Brain natriuretic peptides, released in response to left ventricular stress, have a strong prognostic value in dialysis patients. However, their role in detecting abnormalities of fluid status is under debate; the relationship between volume status and brain natriuretic peptides (BNPs) differs among various studies. The aim of our study was to evaluate the clinical utility of N-terminal proBNP in the assessment of fluid status and cardiovascular risk in this setting.

Material and methods:
The study included 65 children: 10 pre-dialysis, 13 hemodialysis, 12 peritoneal dialysis patients and 30 healthy controls. Volume status was determined by multifrequency bioimpedance and NT-pro-BNP, as well as echocardiography to estimate the left ventricle structure and function.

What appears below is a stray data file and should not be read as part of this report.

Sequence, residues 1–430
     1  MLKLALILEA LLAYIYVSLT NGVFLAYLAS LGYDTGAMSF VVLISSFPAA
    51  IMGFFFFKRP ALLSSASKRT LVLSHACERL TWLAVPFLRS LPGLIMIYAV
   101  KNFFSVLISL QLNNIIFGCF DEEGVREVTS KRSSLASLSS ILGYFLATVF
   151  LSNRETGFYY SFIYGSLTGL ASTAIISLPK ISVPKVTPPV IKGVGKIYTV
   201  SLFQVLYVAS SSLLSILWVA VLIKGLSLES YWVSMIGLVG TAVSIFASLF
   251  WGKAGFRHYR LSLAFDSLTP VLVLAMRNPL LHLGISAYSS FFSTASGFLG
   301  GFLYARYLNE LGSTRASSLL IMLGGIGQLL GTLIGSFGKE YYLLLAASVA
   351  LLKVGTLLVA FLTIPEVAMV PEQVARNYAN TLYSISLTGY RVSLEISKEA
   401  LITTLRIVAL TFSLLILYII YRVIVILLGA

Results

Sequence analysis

The median log NT-proBNP values of hemodialysis and peritoneal dialysis patients were 3.66 (2.05–4.90) and 3.57 (2.51–4.13) pg/ml, respectively, and significantly higher compared with the control group (p < 0.001, p < 0.001). On simple correlation, NT-proBNP was correlated with markers of volume overload and cardiac dysfunction. On multivariate regression analysis, only left ventricle mass index (β = 0.402, p = 0.003) and left atrium diameter (β = 0.263, p = 0.018) were independently associated with NT-proBNP (adjusted R2 of the model: 0.707, p < 0.001).

Our research suggested that NT-proBNP, which was correlated with LV systolic and diastolic dysfunction and fluid overload as assessed by bioimpedance, can be used to evaluate cardiovascular states in a chronic kidney disease (CKD) population. From the early stages of CKD, periodic monitoring of NT-proBNP levels may be essential for early detection of patients with high risk of cardiovascular events, and for taking preventive intervention as soon as possible.